Sunday, September 27, 2020

True essence of the wilderness

Clyde spoke to a huge standing-room only crowd. Submitted

Clyde spoke to a huge standing-room only crowd. Submitted

Clyde Butcher was in town during “Arts Afire” week and made an appearance at the Marco Island Historical Museum.  It was amazing to be in the presence of this world famous photographer known as the “Ansel Adams of the Everglades.” He is a man who is passionately in love with the Everglades and finds beauty and serenity deep in the swamps of Florida.

Clyde didn’t start off as a photographer, he was a graduate of California Polytechnic with a degree in architecture. The problem is “I couldn’t draw, so I used to build models of the building I was asked to design and took pictures of them.”  Clyde took many trips out to Yosemite with his wife. He married Nikki his senior year in college.  The trips to the great outdoors started with Nikki sleeping in a tent that she shared with her parents and him sleeping outside. Married life allowed Nikki to finally share his sleeping bag on the outside.

Clyde had the audience in laughter as he told the story of a bear that came into camp and walked right over him and his wife nesting in their sleeping bag. “Can’t get any closer to wildlife than in that moment.”

Prior to moving to Florida he had a very successful business in commercial photography printing business. It was after another business venture went bankrupt that led him to move his family and two children to Florida.

He was introduced to the vast Everglades by a fifth generation Floridian or as History Channel dubbed, the “Swamp People,” Oscar Thompson. Oscar could navigate through the Everglades like a panther in the dark of night and helped Clyde understand the Everglades. In this world, Clyde found  an environment “purified of human contact.” Clyde explains, “In Florida everything changes overnight. The clouds, the sky, the light. That’s what excites me, you don’t find something like this anywhere else in the world.”

After a decade of photographing the Everglades, Clyde wanted to express what he saw through his lens. He decided to take on “projects” and that is to educate and inspire, to let people know that our undisturbed natural land is a special place and to reinforce the message that the way we take care of things now will determine the future of our quality of life.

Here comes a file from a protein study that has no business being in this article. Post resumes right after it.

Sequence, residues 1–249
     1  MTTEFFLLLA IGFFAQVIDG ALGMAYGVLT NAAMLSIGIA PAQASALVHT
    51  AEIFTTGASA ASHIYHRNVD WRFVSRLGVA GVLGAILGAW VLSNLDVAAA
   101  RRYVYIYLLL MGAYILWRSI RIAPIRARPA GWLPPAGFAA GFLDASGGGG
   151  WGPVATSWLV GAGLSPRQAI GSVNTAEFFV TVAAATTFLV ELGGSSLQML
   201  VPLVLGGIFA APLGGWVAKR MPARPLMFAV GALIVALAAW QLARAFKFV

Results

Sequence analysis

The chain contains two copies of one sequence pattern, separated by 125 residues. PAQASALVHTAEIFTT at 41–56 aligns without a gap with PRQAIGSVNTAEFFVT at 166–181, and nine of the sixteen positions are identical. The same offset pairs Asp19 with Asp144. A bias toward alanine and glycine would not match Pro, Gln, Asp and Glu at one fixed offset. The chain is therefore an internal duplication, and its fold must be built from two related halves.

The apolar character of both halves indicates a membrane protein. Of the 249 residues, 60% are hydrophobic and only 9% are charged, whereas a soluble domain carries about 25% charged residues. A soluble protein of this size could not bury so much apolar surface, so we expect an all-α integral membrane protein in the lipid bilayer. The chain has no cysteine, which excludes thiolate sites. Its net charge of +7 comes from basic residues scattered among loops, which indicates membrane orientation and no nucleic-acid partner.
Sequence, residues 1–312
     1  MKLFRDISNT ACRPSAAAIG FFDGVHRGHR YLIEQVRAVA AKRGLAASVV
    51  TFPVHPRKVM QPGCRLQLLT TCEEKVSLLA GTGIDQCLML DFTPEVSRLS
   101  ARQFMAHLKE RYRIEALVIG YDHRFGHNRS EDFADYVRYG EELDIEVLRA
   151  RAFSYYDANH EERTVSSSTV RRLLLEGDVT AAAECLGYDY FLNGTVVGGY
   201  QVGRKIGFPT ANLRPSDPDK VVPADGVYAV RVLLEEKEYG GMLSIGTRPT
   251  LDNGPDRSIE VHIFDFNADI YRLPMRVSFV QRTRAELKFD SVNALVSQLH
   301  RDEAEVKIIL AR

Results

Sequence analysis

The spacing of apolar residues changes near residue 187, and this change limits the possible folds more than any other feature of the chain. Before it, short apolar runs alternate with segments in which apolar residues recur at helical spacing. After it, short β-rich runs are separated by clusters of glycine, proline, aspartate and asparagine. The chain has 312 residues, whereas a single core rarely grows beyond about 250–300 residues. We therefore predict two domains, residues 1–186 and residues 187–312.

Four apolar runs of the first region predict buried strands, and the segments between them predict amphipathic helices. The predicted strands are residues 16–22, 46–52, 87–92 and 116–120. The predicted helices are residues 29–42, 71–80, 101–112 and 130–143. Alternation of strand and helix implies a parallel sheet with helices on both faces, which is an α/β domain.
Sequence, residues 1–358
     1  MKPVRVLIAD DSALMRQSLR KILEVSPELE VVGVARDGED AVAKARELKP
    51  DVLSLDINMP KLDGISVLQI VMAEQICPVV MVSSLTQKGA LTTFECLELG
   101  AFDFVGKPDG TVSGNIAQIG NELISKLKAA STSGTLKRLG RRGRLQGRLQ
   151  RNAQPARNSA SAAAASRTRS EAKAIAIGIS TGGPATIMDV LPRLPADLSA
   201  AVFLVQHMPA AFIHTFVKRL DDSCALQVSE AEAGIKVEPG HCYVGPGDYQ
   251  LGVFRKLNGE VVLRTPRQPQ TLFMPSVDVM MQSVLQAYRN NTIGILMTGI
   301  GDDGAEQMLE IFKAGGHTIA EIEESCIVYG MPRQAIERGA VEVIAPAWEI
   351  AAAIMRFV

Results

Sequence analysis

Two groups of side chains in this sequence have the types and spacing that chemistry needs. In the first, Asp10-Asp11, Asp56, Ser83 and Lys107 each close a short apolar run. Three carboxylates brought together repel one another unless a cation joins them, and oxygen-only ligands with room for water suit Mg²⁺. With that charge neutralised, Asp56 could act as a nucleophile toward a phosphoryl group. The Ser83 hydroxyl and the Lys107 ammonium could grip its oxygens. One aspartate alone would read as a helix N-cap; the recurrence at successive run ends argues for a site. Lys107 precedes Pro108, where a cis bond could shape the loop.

Clyde went on to tell whimsical stories from his many “swamp walks” at his home and gallery off  “Alligator Alley” in the Everglades. One of his most memorable occurred when former President Jimmy Carter and his wife, Rosalynn, decided to ditch the Secret Service agents and take a quick detour of the small trek prepared the day before by the agents. What was to be a ten minute quick hike went well over an hour deep into the glades. He laughed as he said “he terrified the agents with the ever apparent sighting of a gator, but that Rosalynn, she just loved it trekking through knee deep swamp water”!

When asked about his many encounters with gators, he had a huge grin on his face as he explained, “Gators are wimps, they are just like poodles. They are fish and frog eaters, not people eaters.”

The crowd was with Clyde Butcher throughout his presentation. Patty Page from Marco Island commented, “We enjoyed his presentation very, very much. We have been to the gallery many times, but this was the first time I heard him speak. Fantastic”!

David Rupp, also from Marco Island agreed, “I thought it was terrific, I love the history, very informative.”

Greg Glover, one of the Co-Chairs of the “Arts Afire”. “I couldn’t have been happier. It was not easy to get Clyde Butcher to do a talk. I started making contact with him way back in November. He wasn’t lying when he mentioned he doesn’t return phone calls. It was his daughter Janice that called me back in January and booked him for this appearance. I just want to thank everyone who volunteered to help make this event happen. A big, big thank you”!

The evening ended with a long line of admirers waiting for the opportunity to have their books and photos signed or just take a picture with the master. Although Clyde touched on the topic slightly, it was the tragic death of his son Ted Butcher on Father’s Day back in 1986 that changed his life forever. Ted was killed instantly when a speeding car ran a light and crashed into his car. To deal with the loss, Clyde would often wake before dawn, pack his camera and escape to the Everglades. After 4 months of daily forays into the swamps,  the artist Clyde Butcher emerged. His tragic loss has been our gain as well as the Everglades finding a friend forever.

 

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